July 29 2014 Latest news:
by Tom Marshall
Thursday, January 24, 2013
Many will have been stunned by last week’s revelations about the enormous scale of Islington’s domestic violence problem.
We knew it was a terrible reality for far too many families, yet the latest figures published by` the Gazette were truly shocking.
Police in Islington handled some 4,000 cases in 12 months over 2011/2012, while the financial cost to the borough was estimated at a staggering £25.7million over the same period.
The numbers, which were presented to an Islington Council health committee last Tuesday, make it plain that domestic violence places a huge burden on our cash-strapped public services.
Yet it is the human cost that is most alarming of all – the devastating impact abusive and violent partners have on women, children and sometimes men.
In Islington, domestic violence accounts for 49 per cent of all violent crimes against women. Nationally, 20 per cent of women say they have been attacked by a partner or an ex. Fifty-four per cent of all rapes are domestic cases. And two women are killed every week.
All this adds up to a shockingly widespread problem – so it is crucial there are robust services for victims to turn to.
In Islington, one of the main support services for victims of domestic violence is Solace Women’s Aid, a charity based in Holloway. It runs refuges and offers other forms of help, including counselling.
About 1,000 women and children come through its doors every year and in 2010, Tracy, a 39-year-old mother-of-one, was one of those.
She escaped an abusive relationship and entered a Solace refuge with her young daughter. They still receive support from the charity.
She said: “To find myself in a refuge with a three-year-old child was pretty hideous.
“Yet it was a huge relief and I felt happier in that situation, in a tiny room with my daughter and a few clothes and books. I don’t think my daughter and I would still be alive if we hadn’t left when we did, I really don’t.”
Tracy got together with her tormentor, the father of her daughter, in 2006 and soon became pregnant.
Solace boss Mary Mason says pregnancy is a common trigger and that’s when the problems started for Tracy.
She suffered through years of abuse before finally seeking help. Remembering some of the most harrowing episodes, she tells me about the time he tried to rape her before dragging her down a flight of stairs.
On another scarring occasion, he performed a sudden U-turn into oncoming traffic on an icy road, with both Tracy and their daughter in the car.
Yet she said: “I didn’t really have a clue what was happening. You live in denial, you don’t want to think this man you loved and adored and whose child you had is an absolute pig. You just can’t believe it and you invent all kinds of excuses for their behaviour. You blame yourself.”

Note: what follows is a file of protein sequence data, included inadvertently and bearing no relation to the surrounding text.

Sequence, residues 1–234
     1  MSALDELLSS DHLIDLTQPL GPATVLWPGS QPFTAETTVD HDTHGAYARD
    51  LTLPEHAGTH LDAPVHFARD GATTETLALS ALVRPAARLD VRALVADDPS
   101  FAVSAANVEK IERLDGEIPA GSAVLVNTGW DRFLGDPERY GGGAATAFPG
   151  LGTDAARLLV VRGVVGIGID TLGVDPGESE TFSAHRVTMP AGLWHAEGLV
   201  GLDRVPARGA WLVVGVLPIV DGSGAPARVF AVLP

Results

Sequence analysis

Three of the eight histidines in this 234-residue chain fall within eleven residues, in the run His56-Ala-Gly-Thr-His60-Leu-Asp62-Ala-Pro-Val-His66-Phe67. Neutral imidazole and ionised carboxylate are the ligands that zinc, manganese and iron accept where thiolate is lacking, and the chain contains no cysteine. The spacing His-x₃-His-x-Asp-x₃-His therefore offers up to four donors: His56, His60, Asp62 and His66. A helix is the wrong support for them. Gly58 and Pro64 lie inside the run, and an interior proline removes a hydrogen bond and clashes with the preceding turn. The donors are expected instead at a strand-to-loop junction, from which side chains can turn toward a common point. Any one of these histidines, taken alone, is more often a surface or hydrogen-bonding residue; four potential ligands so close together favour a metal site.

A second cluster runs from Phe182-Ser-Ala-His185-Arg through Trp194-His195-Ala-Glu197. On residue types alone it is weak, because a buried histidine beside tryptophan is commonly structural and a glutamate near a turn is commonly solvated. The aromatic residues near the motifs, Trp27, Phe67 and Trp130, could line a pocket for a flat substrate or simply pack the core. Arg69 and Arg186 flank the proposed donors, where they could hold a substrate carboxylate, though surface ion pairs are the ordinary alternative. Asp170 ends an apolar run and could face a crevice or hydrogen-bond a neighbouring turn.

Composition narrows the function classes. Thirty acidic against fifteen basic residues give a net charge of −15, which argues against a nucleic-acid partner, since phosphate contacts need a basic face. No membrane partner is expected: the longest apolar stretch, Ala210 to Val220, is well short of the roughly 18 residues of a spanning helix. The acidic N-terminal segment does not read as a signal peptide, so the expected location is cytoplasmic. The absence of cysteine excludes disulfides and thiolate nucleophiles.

Many of the women who have turned to Solace have faced violence for a long time. In some cases, their ex-partners have gone on to kill other women.
Ms Mason, the chief executive of Solace, said: “We know a lot of it is not reported. Only about a third of incidents are. We also know people tend to experience at least 30 incidents before they come to us.
“Human nature is hopeful and we all hope that things are going to get better. We hope this is going to be the last time because these men are the husbands, the fathers of the children. There’s been a love relationship and that’s really hard. For some it means leaving financial security – what you lose is huge. To leave that behind is a huge step.”
Ms Mason says it is vitally important to ensure domestic violence is high on society’s agenda. “We need to identify the issues earlier and there needs to be greater resources,” she said. “Health professionals in particular need to be much more alert.They need to be aware when women walk into A&E or the GP’s with injuries.
“It needs to be higher up on everyone’s agenda.”
As we learned last week, the cost of domestic violence in Islington was put at £25.7million in one year.
Ms Mason says it is only by supporting the likes of Solace that the pressure on the public purse can be eased.
She highlights research published by the Women’s Resource Centre charity, which indicates that for every £1 invested in services for victims, around £8 is saved in costs to other public services such as health and policing. Despite this, such organisations have faced swingeing cuts and Solace lost about half of all its funding in 2011.
The charity has been forced to reduce key services, including its programme for women at high risk in the community.
Ms Mason said: “The council has worked very hard to maintain the funding, but we have not been able to protect all the services.
“The government’s decision to cut these strands of funding has left us with not enough resources to tackle the problem. It makes absolutely no sense.”
The Solace Women’s Aid helpline is free to call on 0808 802 5565